Join us by drawing a red X on your hand, window, wherever – be creative! – and sharing your photos by tagging them #enditmovement. You can also send them to iReport here. We’ll share some of the best on CNN.
You can find out more about the End It Movement here or watch this interview where actor-comedian Nick Cannon talks to CNN about the movement.
The host of hit U.S. TV show “America’s Got Talent” is getting behind a new campaign to end modern-day slavery.
Actor-comedian Nick Cannon told CNN he wanted to use his celebrity to encourage others to join the anti-slavery fight.
Seven non-profits formed the End It Movement to fight modern-day slavery all over the world.
End It and Cannon hope people will join the campaign on social media and agree to put an X on their hands as part of the organization’s ‘Shine a light on slavery day’ on April 9.
In his acceptance speech after winning the 2013 Oscar for best actor Daniel Day-Lewis acknowledged "the mysteriously beautiful mind, body and spirit of Abraham Lincoln."
There was applause from the audience. It was a celebration of Day-Lewis's talent and performance as the 16th U.S. president. But in a sublime way, it was also a celebration of Lincoln himself - his life, his words and his actions, most notably his fight against slavery.
One organization is trying to connect the historical Lincoln with the issue of modern day slavery.
Lincoln fought to end slavery 150 years ago. But how can we follow his lead to put this practice to an end for good? FULL POST
Germany's parliament has taken on debating human trafficking in Sinai in part due to CNN reporting from the region.
German MP Annette Groth says it is time for Berlin to use its economic power to pressure Egyptian authorities.
Human rights groups estimate that thousands of African migrants have perished trying to make it to Israel via the Sinai. FULL POST
CNN’s Freedom Project followed a small group who came up with a bright idea to help former sex slaves - and the people who helped them realize their dream.
Their idea – ship unwanted bras from the U.S. to Mozambique where they can be sold in markets and help provide the rescued slaves with a wage.
Across the U.S. women have discarded bras in bedroom draws. In Mozambique the same item is a luxury. As the idea took off and the group hit problems shipping their cargo, others stepped in to help.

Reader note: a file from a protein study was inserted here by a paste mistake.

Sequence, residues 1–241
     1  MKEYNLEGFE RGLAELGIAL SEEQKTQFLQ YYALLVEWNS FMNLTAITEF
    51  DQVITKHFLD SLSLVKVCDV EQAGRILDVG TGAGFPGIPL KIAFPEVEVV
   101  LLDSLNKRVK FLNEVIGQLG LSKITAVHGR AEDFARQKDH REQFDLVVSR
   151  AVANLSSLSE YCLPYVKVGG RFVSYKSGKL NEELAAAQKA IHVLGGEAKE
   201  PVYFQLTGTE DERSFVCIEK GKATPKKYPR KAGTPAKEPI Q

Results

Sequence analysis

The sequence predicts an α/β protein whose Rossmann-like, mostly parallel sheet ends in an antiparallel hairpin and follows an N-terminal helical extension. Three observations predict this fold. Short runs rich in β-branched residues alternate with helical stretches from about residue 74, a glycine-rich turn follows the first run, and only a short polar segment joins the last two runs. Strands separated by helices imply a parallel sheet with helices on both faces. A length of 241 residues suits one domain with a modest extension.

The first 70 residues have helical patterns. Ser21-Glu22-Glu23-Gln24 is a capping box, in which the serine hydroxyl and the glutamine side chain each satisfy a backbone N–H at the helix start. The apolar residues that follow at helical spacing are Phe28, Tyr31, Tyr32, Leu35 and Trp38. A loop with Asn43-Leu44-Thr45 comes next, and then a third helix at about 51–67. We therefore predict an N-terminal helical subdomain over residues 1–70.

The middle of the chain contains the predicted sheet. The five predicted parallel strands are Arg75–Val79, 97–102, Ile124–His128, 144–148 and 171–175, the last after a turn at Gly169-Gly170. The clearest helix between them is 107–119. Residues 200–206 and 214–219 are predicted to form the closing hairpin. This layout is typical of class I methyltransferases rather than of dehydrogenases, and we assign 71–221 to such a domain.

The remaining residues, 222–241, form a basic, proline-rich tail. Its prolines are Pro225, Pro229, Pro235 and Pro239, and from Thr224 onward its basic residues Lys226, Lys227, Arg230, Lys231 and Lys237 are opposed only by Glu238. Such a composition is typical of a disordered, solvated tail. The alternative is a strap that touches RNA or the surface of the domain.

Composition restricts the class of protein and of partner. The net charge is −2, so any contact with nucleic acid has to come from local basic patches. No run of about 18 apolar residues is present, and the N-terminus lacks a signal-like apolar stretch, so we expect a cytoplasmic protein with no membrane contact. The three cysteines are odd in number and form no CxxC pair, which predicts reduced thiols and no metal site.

Now you can watch the entire “Mozambique or Bust” documentary, narrated by Mira Sorvino, an Oscar winner and goodwill ambassador to combat human trafficking for the U.N. Office on Drugs and Crime online here in three parts. FULL POST
Editor’s note: Watch “Mozambique or Bust” on CNN International: Friday, February 15 at 1630 GMT, Saturday Feb. 16 at 1400 GMT and 2130 GMT, and repeats Sunday until Wednesday.
Denver, Colorado (CNN) - Tashina was trafficked for sex when she was 15-years-old. Ofelia, when she was 12.
Tashina finds it helpful to talk about it. “We lived in darkness,” she said. For Ofelia, talking about the past is too painful. She just winds up crying.
But both women smile broadly as they talk about their future. A future filled with promise and hope, thanks to the kindness of a complete stranger half a world away from their home in Mozambique.
Kimba Langas is a college-educated, stay-at-home mom in suburban Denver, Colorado. She says she grew up in a middle class family with loving parents, never wanting for anything.
“I am fortunate,” Langas said. “I was born at the right time, in the right country, under the right circumstances, so I've had many privileges as a woman growing up in the United States. I've had just about every opportunity I could want.”
Her life could not be more different from those of Tashina and Ofelia. And yet, today these three women are connected in a most unusual way. FULL POST